Is it possible to load an external font via inline CSS?

Note: I'm not talking about using an external CSS file with a @font-face definition, but rather something like the following:

<h1 style="font-family:myfont;

Is it possible loading an external font with inline css? NOT with an external CSS file [....].

Yes, you can base64 encode a font or fonts as shown in this article from Stephen Scaff and drop them into a style block in your page to avoid the external request.

It may also be possible to use this technique in the way you describe if the browser you're using supports it.

  @font-face {
    font-family: 'PT Sans';
    font-style: normal;
    font-weight: normal;
    src: local('PT Sans'), local('PTSans-Regular'),
      url(data:application/font-woff2;charset=utf-8;base64,d09GRgABAAAAAHowABMAAAAA+OAA) format('woff2');
  @font-face {
    font-family: 'PT Serif';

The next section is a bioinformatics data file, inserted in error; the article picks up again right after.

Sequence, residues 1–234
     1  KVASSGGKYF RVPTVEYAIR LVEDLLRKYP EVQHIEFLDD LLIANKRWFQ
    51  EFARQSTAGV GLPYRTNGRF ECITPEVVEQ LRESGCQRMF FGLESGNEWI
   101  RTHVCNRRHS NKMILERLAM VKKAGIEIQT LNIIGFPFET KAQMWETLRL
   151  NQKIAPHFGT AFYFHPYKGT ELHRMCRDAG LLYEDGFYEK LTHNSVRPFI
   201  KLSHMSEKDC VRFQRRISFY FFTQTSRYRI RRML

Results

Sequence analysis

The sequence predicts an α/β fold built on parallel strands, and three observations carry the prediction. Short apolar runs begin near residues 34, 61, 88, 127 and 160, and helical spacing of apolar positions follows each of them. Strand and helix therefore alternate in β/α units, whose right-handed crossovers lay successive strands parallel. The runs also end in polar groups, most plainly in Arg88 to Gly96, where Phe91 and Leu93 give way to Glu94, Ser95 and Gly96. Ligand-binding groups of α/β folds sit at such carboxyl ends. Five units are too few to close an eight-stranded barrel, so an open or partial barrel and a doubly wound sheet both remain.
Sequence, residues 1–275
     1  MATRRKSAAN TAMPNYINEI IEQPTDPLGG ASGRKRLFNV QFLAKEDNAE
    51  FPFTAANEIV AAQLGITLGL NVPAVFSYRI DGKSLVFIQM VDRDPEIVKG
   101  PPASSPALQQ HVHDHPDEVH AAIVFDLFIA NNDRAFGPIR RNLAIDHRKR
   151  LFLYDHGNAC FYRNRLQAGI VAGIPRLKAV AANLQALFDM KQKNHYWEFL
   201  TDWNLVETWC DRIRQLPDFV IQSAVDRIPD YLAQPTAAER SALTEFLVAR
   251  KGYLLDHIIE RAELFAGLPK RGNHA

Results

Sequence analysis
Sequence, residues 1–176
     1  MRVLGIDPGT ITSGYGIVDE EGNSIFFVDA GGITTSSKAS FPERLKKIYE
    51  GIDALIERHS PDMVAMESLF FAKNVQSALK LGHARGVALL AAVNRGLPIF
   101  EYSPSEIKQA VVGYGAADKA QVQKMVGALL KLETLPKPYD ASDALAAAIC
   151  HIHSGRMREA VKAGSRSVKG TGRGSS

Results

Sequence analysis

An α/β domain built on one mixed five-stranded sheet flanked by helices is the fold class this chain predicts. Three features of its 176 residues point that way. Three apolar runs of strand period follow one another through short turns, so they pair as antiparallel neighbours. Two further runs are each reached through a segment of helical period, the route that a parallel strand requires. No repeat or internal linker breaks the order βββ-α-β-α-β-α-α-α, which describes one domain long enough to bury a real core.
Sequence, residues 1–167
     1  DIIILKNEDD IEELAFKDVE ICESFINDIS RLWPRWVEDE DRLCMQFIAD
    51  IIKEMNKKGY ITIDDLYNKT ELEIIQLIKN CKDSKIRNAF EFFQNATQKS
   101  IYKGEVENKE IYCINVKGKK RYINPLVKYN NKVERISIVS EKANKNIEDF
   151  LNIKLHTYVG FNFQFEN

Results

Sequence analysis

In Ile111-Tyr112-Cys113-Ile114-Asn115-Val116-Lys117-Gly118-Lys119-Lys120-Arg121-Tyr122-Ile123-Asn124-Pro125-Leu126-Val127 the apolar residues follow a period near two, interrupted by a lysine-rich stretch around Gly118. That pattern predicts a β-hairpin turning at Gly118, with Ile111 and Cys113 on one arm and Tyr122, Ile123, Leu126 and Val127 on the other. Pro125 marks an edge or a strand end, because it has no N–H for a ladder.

font-style: normal;
    font-weight: normal;
    src: local('PT Serif'), local('PTSerif-Regular'),
      url(data:application/font-woff2;charset=utf-8;base64,d09GRgABAAAAAIQYABMAAAAA/MAA) format('woff2');

Every modern browser supports WOFF2, so you should probably use that and only that for the foreseeable future. Also, this technique will improve your page speed scores, but will degrade performance overall (even for first page loads), unless you're only base64-encoding critical page assets (e.g. glyphs of the font shown above the fold) and asynchronously load the rest.

Performance-wise your best bet right now is to use Brotli compression and pipe the webfont stylesheet down with HTTP/2 Server Push.